Talking about stress is a common event in Emory Healthcare’s heart clinics. When talking with patients about heart disease risk factors or the causes of a recent heart event, Puja K. Mehta, MD, FAAC, FAHA, discusses anxiety, depression, diet and exercise, and mental and physical stress.
“Many patients intuitively say they knew stress had something to do with it, or that they felt over-stressed,” Dr. Mehta says.
These repeated conversations sparked Dr. Mehta’s interest to understand and explain the physiology between mental stress and heart health.
“I wanted to know what we can do about it, if we can reverse it and how we can protect ourselves from it,” Dr. Mehta says.
Mental stress is a serious risk factor for fatal and nonfatal cardiovascular events. New research finds that for people with heart disease, mental stress is more dangerous than physical stress. The shows chronic psychological stress may be more important to heart health than the traditional risk factors like high cholesterol and high blood pressure, although those need to be managed as well.
As we recognize more openly the impact mental stress makes on our lives, it’s important to learn how to manage its effects to keep our hearts healthy. We must learn to care for ourselves in stressful situations – from economic job loss to caring for our families.
“Life will always be busy,” Dr. Mehta says. “We can’t eliminate all stressors. But we can find ways to manage and address them.”
How Stress Impacts the Heart
Stress usually presents in two ways: acute or chronic.
Acute stress comes on suddenly. Acute stress can be linked to a heart attack or stroke that occurs in response to a traumatic event or something we are not ready to hear or see, Dr. Mehta says.
Research shows postmenopausal women are more susceptible to acute stress and its impact on heart health. Broken heart syndrome is an example. The condition occurs after a highly stressful event, like the death of a spouse or a devastating health diagnosis.
If left untreated, heart failure can result. One feels like they are having a heart attack, with all the traditional symptoms. Clinical tests usually show no blockage in heart vessels, even though heart muscle function is reduced, she says.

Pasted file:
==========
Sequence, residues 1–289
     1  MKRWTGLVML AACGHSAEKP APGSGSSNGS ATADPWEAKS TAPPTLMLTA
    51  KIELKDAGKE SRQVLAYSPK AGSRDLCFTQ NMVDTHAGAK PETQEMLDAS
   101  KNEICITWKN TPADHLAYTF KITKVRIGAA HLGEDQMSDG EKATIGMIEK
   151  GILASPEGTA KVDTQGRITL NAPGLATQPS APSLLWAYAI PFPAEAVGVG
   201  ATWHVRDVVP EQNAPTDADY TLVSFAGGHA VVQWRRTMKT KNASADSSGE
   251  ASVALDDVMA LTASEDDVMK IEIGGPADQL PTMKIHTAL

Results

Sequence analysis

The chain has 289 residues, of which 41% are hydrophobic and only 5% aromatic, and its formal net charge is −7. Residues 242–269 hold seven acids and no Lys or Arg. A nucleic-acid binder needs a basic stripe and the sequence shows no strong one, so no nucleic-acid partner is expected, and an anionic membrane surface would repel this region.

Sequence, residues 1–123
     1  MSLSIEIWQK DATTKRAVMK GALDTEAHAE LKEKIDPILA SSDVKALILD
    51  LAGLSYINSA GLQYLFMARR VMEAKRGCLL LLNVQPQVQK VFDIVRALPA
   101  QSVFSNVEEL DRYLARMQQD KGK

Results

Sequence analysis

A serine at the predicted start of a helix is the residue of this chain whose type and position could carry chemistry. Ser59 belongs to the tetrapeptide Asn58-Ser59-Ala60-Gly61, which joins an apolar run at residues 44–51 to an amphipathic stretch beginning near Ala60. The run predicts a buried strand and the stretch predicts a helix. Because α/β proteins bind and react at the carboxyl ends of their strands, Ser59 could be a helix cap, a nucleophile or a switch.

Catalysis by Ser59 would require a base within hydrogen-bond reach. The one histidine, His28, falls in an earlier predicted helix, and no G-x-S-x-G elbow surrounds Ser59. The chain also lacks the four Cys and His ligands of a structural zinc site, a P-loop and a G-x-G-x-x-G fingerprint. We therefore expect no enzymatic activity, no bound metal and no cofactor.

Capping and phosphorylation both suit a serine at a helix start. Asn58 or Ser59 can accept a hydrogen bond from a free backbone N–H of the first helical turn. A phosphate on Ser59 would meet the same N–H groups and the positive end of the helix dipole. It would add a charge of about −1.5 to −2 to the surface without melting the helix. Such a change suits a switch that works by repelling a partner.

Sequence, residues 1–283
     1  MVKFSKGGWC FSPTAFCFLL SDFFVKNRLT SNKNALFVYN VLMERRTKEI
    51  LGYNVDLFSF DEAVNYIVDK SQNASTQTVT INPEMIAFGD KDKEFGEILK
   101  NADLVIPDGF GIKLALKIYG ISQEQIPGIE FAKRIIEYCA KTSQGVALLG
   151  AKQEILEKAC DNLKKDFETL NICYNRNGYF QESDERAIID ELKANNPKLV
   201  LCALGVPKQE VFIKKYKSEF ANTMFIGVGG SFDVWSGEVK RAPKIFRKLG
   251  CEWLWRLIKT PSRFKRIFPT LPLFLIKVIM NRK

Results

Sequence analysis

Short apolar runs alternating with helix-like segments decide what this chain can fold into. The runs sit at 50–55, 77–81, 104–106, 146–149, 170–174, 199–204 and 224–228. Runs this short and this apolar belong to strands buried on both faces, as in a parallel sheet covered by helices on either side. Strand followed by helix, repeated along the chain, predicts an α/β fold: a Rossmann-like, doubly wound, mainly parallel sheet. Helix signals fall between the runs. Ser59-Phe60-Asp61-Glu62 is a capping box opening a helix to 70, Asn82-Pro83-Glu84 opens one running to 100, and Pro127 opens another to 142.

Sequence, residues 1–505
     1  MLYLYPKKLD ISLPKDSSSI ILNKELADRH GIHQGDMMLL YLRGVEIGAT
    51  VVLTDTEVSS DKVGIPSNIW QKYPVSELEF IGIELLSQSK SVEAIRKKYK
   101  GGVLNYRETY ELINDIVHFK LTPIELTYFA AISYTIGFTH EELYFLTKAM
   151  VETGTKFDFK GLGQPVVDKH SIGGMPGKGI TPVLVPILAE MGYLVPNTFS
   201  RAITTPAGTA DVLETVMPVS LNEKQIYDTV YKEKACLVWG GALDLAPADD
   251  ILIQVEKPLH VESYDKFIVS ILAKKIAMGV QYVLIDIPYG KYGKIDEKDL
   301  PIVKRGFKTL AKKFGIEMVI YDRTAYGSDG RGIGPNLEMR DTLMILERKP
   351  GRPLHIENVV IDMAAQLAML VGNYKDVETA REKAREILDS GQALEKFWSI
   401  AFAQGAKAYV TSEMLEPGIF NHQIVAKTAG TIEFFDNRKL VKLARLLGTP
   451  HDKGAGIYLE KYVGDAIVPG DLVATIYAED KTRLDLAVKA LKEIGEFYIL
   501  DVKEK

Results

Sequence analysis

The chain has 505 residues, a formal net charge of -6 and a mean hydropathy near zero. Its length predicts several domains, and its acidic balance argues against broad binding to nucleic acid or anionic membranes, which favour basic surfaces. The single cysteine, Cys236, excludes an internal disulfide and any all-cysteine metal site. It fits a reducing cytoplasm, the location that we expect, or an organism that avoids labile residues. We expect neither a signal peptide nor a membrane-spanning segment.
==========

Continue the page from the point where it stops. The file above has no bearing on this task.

Broken heart syndrome is most common in women after menopause, who account for 85% of cases.
Chronic stress is a burden our minds and bodies carry over time. The impact accumulates and is associated with cardiovascular disease. People living in constant stress often eat poorly, don’t exercise and don’t sleep well. They may experience insulin resistance, high blood pressure and the higher levels of hormones like cortisol, which can cause inflammation.
We don’t fully understand how chronic stress impacts heart health over time, but it seems to worsen heart health risk factors.
How to Minimize Heart-Damaging Reactions to Stress
Identifying stressors is the first step to managing stress that can damage the heart. Write them down, Dr. Mehta says. Recognize what might derail you, keep you from joy or prevent you from doing what you what to accomplish.
Then create a plan to address each one.
One key to stress management is to bake it into your day. You can’t plan to manage home life, eat dinner and then try to relax by 8 or 9 pm, Dr. Mehta says. What’s more likely is that you go to bed without calming your mind and body.
She recommends taking a timeout a few times a day. Practice deep breathing and relaxation with an app or other tool. A RESPeRATE device provides guided slow, deep breathing for people with hypertension. The FDA-approved portable electronic tool helps reduce stress and lowers blood pressure.
“It’s very important to find ways to manage your energy and relax so that you can handle everything that comes at you in a day,” Dr. Mehta says. She recommends:
- Exercise. Aim for 20-30 minutes of moderate movement a day. Create a plan. Walk your neighborhood, take a virtual yoga class, or lift weights at the gym.
- Nutrition. Pack healthy snacks for work and meal plan to curb poor food choices. If you know Wednesday will be a crazy day, bring carrots, celery and apples to eat instead of chips. Try the Mediterranean diet.
- Relaxation. Schedule time to relax. Put it on your calendar and “disconnect from the stressors of your life,” Dr. Mehta says. Deep breathing, guided meditation with an app, listening to music, progressive muscle relaxation and yoga all promote relaxation.
- Know your #s. Talk to your doctor and understand your heart health. Is your blood pressure high? How’s your cholesterol? Are you getting enough sleep? Set health targets.
Dr. Mehta is researching the relationship between mental stress and cardiovascular health – especially how women’s hearts react to stress.
Emory Heart & Vascular Center
Emory Heart & Vascular Center brings together more than 175 physicians, offering comprehensive medical and surgical treatments for the full range of heart and vascular conditions. The Center includes 18 specialized programs in cardiology, cardiac surgery, vascular surgery and cardiovascular imaging.
We see patients at six hospitals with more than 23 community locations. Depending on your need, we can see you as early as the next day.
To make an appointment or to find a provider near you, call 404-778-7777.